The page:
7 Secrets to Finding the Freshest Fish

When it comes to choosing the right salmon, trout or tilapia, it's hard to know what to look for. Here's how to tell if fish is fresh!

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Gilthead bream (Sparus aurata) on ice at the seafood booth
Shutterstock / Alexander Raths

Bright, Metallic Skin

The main thing you want to look for is skin that has a metallic shine. Any discolored or dull spots indicate that the fish has probably seen better days. If you’re buying a fillet, make sure the flesh has a robust color—it becomes less vibrant as they age.

Here’s a collection of fish recipes that received top ratings from readers.

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Salmon in ice
Shutterstock / anyamay

Meat That Springs Back

Whether you’re dealing with a whole fish or a pre-cut fillet, see if you’re able to test the quality of the meat with your finger. You should be able to press down, but your fingerprint should quickly disappear as the flesh bounces back. If it remains, the fish is no longer fresh.

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Display of three kinds of fresh fish on ice in a fish market in Portland, Maine
Shutterstock / Ken Schulze

Clear Eyes

If you’re buying a whole fish, pay attention to the eyes. They should be clear and slightly bulging. While dull, sunken eyes don’t mean the fish is past its prime, it also won’t be as fresh as possible. (Add some zest with this recipe for fish tacos!)

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Fresh fish in the market
Shutterstock / Kris Tan

Firmly Connected Scales

You should be able to detect if scales are intact by looking, but if your fishmonger allows it, run your hand along them. They should stay in place and feel firmly connected to the body, almost like armor. If any scales begin to slide off, you’re dealing with an older fish.

This toasty Dijon-Crusted Fish is perfect for your weeknight rotation.

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Fresh seafood on ice at the fish market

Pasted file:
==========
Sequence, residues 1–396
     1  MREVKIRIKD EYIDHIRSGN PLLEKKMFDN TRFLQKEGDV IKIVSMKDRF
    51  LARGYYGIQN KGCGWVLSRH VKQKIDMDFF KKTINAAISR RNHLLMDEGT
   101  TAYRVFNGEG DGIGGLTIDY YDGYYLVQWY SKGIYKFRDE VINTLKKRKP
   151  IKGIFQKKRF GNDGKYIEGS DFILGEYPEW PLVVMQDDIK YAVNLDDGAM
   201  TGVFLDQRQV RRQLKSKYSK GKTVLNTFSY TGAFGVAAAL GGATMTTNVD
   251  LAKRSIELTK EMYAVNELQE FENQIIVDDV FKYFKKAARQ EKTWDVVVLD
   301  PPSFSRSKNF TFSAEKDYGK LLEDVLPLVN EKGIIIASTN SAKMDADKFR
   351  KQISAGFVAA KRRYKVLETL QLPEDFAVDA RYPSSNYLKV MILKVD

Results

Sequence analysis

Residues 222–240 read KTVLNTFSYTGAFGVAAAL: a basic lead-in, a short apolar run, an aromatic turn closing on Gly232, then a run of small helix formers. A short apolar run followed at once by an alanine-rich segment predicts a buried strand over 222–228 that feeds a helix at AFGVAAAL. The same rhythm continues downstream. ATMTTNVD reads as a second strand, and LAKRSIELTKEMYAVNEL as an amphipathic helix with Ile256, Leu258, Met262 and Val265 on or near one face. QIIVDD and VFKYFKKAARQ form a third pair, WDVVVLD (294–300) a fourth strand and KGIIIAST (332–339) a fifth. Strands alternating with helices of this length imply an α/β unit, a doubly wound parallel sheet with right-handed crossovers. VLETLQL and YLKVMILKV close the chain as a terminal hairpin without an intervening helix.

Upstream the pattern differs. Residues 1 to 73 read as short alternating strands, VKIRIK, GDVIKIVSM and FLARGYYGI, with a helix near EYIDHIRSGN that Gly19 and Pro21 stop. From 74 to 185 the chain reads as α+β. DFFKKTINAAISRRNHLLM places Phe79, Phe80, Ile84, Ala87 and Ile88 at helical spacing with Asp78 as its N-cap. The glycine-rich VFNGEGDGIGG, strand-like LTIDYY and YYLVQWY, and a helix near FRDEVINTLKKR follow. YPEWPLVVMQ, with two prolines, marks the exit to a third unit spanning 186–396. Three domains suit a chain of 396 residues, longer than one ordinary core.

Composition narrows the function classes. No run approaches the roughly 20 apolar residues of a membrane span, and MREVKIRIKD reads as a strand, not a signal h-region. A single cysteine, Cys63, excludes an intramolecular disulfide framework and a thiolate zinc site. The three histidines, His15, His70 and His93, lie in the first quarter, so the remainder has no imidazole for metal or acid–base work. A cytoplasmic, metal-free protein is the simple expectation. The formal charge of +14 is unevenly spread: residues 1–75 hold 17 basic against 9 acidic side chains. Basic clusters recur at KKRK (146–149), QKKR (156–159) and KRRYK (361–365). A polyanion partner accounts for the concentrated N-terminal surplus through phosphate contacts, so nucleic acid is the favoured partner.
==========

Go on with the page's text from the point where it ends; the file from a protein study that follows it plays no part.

Healthy Gills

The gills can reveal a lot about the freshness of your fish. First, make sure they are bright red and moist, rather than brown or faded. Also, check for any milky liquid around them—if you notice any slime, move on.

Did you know you can make crispy fish in your air fryer?

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Male fishmonger wearing an apron holding large and whole salmon fish in front of display counter early in the morning on a market in England.
Shutterstock / F-Stop boy

No Milky Liquid

When buying fillets, you may notice liquid on the fish. Only purchase if the liquid is clear, since, like with a whole fish’s gills, the milky coloring could be a warning that the fish is beginning to rot.

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Fresh local seafood like salmon, pompano and oysters over ice on display with metal casing creating visual rhythm.
Jacob Blount/Shutterstock

No Fishy Smell

We might associate that “fishy” smell with our go-to fishmongers or local market, but the only thing a fish should smell like is briny water, if that. Fish should smell like where they are from, whether that is a salty ocean or a freshwater lake.

Start working your way through the salmon recipes we’re crazy about!

Kim Bussing
Kim Bussing is a writer and editor living in Los Angeles. She has written for publications including Reader’s Digest, Modern Farmer, Clean Plates and Vice, among others, and she is working on her first novel. She is always on the hunt for the perfect gluten-free cinnamon roll.